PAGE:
King TubbyKing Tubby (born Osbourne Ruddock, January 28, 1941 - February 6, 1989) is a Jamaican musician, known primarily for his influence on the development of dub in the 1960s. In the 1950s, King Tubby's musical career began with the sound systems, set up on the streets of Kingston and playing dance music for the people. As a radio repairman, Tubby soon became quite helpful at most of the sound systems around.
Tubby began working with Duke Reid in 1968. At Treasure Isle, a studio, Tubby began making remixes of hit songs, usually by simply removing the vocals. In time, Tubby (and others) began shifting the emphasis in the instrumentals, adding sounds and removing others and adding various special effects, like echoes. By 1971 (see 1971 in music), Tubby's soundsystem was one of the most popular in Kingston and he decided to open a studio of his own. His remixes soon proved enormously popular, and he became one of the biggest celebrities in Jamaica.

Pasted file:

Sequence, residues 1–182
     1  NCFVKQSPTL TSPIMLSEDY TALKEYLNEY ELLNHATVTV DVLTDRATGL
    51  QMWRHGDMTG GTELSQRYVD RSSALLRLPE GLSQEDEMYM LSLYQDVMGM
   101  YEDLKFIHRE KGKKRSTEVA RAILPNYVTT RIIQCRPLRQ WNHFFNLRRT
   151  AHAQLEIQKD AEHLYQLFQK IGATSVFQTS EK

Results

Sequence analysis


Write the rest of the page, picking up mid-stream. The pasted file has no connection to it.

During the 1970s, Tubby's work in the studio gave rise to modern dub music. He had a long string of hit songs, and worked as a producer for some of Jamaica's most popular artists, including Lee Perry, Bunny Lee, Augustus Pablo and Yabby You. In 1973, he began recording voals to put along the instrumentals. By the later part of the decade though, King Tubby had mostly retired from music, still occasionally recording remixes and tutoring a new generation of artists, including King Jammy and Scientist.
In the 1980s, he focused on production for Anthony Red Rose, Sugar Minott and other popular musicians. He was shot and killed by unknown persons, probably in a robbery attempt, in 1989 (see 1989 in music).